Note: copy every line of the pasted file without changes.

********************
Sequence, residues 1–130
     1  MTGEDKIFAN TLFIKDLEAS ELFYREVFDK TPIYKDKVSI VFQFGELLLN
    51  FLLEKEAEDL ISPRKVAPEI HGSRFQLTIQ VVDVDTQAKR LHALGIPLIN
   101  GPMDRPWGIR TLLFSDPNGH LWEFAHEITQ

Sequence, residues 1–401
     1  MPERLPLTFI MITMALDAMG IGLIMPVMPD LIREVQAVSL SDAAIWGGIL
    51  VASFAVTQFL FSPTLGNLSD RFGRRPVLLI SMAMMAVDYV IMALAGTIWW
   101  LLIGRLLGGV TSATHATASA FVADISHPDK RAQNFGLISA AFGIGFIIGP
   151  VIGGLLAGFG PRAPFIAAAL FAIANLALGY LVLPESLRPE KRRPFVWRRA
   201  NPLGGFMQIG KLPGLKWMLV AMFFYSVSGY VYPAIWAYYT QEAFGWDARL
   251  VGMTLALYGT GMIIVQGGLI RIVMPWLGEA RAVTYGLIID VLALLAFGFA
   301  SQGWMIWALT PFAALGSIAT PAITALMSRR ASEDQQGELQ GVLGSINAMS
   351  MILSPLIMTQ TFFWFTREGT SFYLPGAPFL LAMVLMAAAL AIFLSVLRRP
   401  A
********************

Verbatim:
Sequence, residues 1–130
     1  MTGEDKIFAN TLFIKDLEAS ELFYREVFDK TPIYKDKVSI VFQFGELLLN
    51  FLLEKEAEDL ISPRKVAPEI HGSRFQLTIQ VVDVDTQAKR LHALGIPLIN
   101  GPMDRPWGIR TLLFSDPNGH LWEFAHEITQ

Sequence, residues 1–401
     1  MPERLPLTFI MITMALDAMG IGLIMPVMPD LIREVQAVSL SDAAIWGGIL
    51  VASFAVTQFL FSPTLGNLSD RFGRRPVLLI SMAMMAVDYV IMALAGTIWW
   101  LLIGRLLGGV TSATHATASA FVADISHPDK RAQNFGLISA AFGIGFIIGP
   151  VIGGLLAGFG PRAPFIAAAL FAIANLALGY LVLPESLRPE KRRPFVWRRA
   201  NPLGGFMQIG KLPGLKWMLV AMFFYSVSGY VYPAIWAYYT QEAFGWDARL
   251  VGMTLALYGT GMIIVQGGLI RIVMPWLGEA RAVTYGLIID VLALLAFGFA
   301  SQGWMIWALT PFAALGSIAT PAITALMSRR ASEDQQGELQ GVLGSINAMS
   351  MILSPLIMTQ TFFWFTREGT SFYLPGAPFL LAMVLMAAAL AIFLSVLRRP
   401  A